However, we need to switch that to Physical in order to take advantage of all the new features in our camera. Also, check the boxes for Depth of Field and Motion Blur. Lastly, change the Sampling Quality value from Low to Medium.
- Let’s start by getting our depth of field up and running. The setting we’ll want to adjust is F-Stop in our Physical tab. The F-Stop on real cameras adjusts the aperture, or how much light is let into the camera. The smaller the F-Stop is, the smaller the depth of field will be, which will result in a selective focus that can draw attention to certain objects of the scene. Lower the F-Stop value to f/2.8, then switch to the Object tab, and take a look at the ways we can define where our focal plane is.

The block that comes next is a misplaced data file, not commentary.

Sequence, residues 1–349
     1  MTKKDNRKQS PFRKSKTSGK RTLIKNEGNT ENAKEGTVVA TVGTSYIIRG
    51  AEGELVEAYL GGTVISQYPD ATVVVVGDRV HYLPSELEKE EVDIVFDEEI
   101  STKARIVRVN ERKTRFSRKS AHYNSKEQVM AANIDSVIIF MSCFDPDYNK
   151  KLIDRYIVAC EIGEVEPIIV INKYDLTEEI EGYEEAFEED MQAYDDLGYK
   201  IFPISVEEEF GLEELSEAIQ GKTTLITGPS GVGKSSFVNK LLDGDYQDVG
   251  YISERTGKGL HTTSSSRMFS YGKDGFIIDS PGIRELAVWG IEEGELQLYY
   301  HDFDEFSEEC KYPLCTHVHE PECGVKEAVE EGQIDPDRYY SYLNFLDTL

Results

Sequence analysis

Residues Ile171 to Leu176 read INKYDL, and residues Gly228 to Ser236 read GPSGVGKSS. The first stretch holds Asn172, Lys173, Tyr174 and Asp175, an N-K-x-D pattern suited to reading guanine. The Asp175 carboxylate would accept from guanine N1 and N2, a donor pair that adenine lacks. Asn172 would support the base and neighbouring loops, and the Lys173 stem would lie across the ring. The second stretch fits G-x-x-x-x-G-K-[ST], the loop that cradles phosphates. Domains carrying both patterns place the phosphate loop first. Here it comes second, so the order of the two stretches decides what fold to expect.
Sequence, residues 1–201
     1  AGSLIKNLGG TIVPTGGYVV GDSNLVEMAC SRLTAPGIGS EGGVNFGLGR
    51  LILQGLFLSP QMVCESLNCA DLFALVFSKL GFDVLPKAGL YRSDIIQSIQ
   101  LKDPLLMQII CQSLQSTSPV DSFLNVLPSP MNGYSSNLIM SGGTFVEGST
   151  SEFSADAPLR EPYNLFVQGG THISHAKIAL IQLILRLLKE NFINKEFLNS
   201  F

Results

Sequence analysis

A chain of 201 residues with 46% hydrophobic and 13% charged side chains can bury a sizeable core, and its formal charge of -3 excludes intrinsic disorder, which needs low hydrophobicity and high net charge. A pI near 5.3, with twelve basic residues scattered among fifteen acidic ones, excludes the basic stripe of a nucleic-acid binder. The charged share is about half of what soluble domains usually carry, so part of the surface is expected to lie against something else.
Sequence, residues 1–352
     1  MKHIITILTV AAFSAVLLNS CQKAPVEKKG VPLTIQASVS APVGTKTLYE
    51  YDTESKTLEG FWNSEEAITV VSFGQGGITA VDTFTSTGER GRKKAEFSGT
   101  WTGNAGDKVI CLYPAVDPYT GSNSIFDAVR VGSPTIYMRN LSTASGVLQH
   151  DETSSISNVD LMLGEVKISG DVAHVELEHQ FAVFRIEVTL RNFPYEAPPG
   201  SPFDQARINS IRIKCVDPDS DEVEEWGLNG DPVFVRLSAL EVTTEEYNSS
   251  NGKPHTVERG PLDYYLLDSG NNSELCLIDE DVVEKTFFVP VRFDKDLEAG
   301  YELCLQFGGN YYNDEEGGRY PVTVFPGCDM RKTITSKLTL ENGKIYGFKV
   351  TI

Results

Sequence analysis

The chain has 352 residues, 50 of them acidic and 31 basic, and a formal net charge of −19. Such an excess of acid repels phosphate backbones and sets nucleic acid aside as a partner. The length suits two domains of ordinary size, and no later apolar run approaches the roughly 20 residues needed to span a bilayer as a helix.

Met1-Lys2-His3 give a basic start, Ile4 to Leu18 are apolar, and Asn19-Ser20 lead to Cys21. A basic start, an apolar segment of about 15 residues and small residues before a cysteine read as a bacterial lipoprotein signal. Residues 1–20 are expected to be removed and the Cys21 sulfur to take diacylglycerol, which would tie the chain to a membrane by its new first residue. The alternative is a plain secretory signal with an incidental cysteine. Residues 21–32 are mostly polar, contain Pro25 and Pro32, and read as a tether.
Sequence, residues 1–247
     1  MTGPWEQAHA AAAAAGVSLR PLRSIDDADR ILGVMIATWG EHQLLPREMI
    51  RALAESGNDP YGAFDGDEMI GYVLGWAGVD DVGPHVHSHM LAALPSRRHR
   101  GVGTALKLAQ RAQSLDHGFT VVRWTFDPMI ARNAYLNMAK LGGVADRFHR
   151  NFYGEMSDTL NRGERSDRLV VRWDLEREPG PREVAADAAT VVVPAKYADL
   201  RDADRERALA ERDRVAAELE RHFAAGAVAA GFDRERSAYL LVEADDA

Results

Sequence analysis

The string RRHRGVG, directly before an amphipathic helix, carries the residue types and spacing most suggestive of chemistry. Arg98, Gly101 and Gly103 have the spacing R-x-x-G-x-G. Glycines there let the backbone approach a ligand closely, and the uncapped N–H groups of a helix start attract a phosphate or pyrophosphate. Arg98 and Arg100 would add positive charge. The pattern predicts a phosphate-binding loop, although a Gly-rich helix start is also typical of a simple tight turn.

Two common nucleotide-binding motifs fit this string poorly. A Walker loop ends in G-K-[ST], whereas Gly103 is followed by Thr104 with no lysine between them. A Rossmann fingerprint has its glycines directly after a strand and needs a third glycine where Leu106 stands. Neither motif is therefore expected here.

- The Focus Distance value is a set distance you want to define for the focal plane width, so you can tell the camera at what distance to focus on and also about all the objects that will be out of focus in the front and behind. Or, you can drag-and-drop an object into the Focus Object field, and it will automatically adjust and focus on that object. Drag the Deck of Cards group from the Object Manager and drag it into the Focus Object field. You then do a render preview by hitting Ctrl or command + R. Depending on how fast your computer is, you’ll get a rendered sample of your scene in a few seconds. The deck of cards at the back should be the objects in focus, while the dealt cards and the chips should be blurred out: